For three decades, Mark Kozelek — who headlines The Neptune Friday — has recorded and performed under his own name, and the aliases Red House Painters and Sun Kil Moon.
The Ohio-born, San Francisco-based artist’s catalog is unique, beguiling and deep, from highlights like the Painters’ self-titled 1993 slowcore opus and the classic rock heroics of Sun Kil’s 2003 debut “Ghosts of the Great Highway” to oddities like whole albums of Modest Mouse and AC/DC covers.
In 2013 alone, he released four full-lengths, most notably a mellow, jazzy collaboration with the Bay Area instrumental rock trio Desertshore.
But “Benji,” his newest, trumps them all.
Kozelek’s sound itself isn’t without precedent. There’s some Leonard Cohen in his resonant baritone and spartan arrangements, a bit of Neil Young in his reliance on open tunings and deliberate tempos. Contemporaries like Seattle’s Damien Jurado and the late Jason Molina — also an Ohio native — have written from a similarly soul-baring headspace.
Lyrically, however, “Benji” is distinctive. Eleven tracks totaling 5,000 words, it’s both album and tell-all autobiography.
Exchanging his hollow-body Gibson guitar for a nylon-stringed acoustic, Kozelek — joined by a supporting cast involving fellow singer-songwriter Will Oldham and former Sonic Youth drummer Steve Shelley — spends a full hour taking inventory of his art, his life and the people, places and experiences that have shaped it.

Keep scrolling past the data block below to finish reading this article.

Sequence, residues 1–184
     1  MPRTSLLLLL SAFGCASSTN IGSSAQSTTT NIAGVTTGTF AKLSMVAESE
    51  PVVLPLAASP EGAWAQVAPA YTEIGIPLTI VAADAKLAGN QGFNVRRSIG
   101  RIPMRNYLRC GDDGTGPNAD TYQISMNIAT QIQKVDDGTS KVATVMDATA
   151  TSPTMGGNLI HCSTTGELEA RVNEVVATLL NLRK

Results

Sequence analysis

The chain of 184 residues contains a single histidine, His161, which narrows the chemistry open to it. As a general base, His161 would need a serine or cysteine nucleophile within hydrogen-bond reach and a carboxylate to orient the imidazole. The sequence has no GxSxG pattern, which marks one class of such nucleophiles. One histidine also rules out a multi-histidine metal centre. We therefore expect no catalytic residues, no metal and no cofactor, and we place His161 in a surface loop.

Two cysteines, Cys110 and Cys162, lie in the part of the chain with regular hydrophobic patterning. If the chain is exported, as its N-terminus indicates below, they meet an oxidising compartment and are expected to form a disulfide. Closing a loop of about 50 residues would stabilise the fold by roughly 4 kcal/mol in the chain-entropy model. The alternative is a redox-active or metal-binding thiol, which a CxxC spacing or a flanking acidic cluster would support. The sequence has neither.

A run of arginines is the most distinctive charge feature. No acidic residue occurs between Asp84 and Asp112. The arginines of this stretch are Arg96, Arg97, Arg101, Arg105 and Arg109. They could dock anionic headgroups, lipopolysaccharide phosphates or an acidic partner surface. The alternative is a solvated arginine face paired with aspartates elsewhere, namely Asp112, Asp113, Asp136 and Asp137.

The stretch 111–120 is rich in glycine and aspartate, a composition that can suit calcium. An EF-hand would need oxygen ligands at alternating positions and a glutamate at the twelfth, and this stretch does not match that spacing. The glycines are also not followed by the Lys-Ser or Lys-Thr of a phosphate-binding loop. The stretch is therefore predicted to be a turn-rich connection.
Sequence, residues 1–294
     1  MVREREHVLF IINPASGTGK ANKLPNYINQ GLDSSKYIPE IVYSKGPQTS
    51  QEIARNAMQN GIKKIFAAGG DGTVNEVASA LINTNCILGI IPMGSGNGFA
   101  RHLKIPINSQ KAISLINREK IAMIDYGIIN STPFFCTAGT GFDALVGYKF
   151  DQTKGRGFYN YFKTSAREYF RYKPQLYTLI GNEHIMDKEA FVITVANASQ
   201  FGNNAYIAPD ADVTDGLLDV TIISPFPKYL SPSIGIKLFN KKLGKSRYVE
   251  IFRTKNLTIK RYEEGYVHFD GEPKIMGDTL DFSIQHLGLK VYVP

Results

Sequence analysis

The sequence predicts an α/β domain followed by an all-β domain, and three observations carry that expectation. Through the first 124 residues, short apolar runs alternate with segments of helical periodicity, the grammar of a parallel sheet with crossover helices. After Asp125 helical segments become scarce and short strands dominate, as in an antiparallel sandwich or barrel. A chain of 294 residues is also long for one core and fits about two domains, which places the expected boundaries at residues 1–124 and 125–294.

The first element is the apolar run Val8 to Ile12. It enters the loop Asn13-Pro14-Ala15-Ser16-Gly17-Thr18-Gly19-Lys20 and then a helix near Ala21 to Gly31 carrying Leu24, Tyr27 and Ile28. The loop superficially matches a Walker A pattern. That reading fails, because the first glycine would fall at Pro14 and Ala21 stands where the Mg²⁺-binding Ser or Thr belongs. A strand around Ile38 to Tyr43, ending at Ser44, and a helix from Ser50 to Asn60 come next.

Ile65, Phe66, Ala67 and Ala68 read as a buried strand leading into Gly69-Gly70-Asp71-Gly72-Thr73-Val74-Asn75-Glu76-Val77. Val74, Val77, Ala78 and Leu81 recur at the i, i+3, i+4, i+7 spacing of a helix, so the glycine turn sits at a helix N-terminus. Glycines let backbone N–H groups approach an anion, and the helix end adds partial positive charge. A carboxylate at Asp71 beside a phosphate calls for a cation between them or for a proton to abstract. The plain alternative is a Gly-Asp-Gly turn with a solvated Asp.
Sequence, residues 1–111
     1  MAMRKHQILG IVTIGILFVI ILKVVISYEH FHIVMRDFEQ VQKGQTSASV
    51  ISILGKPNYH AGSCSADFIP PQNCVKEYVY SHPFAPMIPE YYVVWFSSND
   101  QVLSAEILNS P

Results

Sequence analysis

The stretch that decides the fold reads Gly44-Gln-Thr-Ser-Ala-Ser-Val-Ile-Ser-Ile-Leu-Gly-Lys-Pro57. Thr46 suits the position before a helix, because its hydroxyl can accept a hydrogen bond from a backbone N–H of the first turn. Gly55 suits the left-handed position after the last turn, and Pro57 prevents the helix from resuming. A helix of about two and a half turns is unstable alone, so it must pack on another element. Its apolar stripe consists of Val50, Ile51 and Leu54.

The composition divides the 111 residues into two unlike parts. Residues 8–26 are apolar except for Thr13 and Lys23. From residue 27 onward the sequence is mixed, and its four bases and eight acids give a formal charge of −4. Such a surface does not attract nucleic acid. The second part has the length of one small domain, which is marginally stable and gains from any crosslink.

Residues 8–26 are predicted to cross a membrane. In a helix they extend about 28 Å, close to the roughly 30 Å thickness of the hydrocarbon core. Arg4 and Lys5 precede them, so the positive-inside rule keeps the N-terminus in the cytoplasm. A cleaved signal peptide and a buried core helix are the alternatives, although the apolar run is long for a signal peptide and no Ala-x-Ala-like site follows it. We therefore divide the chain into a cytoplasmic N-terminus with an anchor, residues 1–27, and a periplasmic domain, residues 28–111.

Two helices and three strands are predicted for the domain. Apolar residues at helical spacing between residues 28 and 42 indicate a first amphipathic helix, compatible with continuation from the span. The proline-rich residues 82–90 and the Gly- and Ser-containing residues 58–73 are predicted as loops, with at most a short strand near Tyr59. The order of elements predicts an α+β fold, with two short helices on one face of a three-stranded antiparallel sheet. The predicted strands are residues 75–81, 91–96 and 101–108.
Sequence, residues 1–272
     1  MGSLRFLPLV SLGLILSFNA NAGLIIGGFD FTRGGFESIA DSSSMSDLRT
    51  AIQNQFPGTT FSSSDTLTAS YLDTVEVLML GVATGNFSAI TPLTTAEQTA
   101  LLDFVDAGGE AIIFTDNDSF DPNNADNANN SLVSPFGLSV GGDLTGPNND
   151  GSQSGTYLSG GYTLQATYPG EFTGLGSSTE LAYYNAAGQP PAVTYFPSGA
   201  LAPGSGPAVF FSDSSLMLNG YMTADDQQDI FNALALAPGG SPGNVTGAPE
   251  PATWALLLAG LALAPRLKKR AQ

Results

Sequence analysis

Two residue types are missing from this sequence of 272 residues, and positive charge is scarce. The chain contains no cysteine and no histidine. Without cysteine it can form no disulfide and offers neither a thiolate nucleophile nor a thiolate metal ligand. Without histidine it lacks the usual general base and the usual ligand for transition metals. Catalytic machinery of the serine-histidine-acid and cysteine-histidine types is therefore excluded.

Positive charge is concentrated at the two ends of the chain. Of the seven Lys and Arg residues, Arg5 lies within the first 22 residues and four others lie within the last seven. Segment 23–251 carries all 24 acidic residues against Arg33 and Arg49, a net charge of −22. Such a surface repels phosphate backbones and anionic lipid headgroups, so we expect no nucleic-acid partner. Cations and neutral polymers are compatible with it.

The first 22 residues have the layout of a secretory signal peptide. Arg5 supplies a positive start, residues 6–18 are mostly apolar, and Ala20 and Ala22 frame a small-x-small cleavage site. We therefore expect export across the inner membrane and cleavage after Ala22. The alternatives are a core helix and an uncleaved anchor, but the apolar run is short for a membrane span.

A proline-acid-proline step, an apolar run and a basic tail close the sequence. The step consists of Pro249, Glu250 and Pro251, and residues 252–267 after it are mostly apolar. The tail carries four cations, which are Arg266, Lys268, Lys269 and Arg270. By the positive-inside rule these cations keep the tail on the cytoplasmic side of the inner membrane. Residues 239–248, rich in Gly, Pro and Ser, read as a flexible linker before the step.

Death and destruction loom large on “Benji,” which, in addition to eulogies for relatives and friends, examines mass-media portrayals of assisted suicide, school shootings and serial killers.
Elsewhere, the 47-year-old singer-guitarist plumbs the depths of his own memory, musing on his relationships with his parents, lovers, peers, bandmates and music in general.
The LP’s lucid production puts the listener in the room with Kozelek, its songs’ generous lengths and circuitous structures granting him time and space to articulate in painstaking detail the who, what, where, when and how of each story, though often — as in life — there’s no why.
Kozelek has never pandered to his audience, and while some people might be taken aback or even weirded out by “Benji’s” weightiness, others will find themselves fascinated by the stark honesty of its narratives.
In either context — as a standalone album, or as part of the Red House Painters/Sun Kil Moon continuum — this is conspicuously good work from a compelling career musician.
Kozelek’s intimate live shows are as immersive as his records, so plan on leaving your phone and camera at home, and keeping requests to yourself.
With new material like this, you won’t need them.Sun Kil Moon
8 p.m. Friday at The Neptune Theatre, 1303 NE 45th St., Seattle; $20-23 (206-682-1414 or stgpresents.org)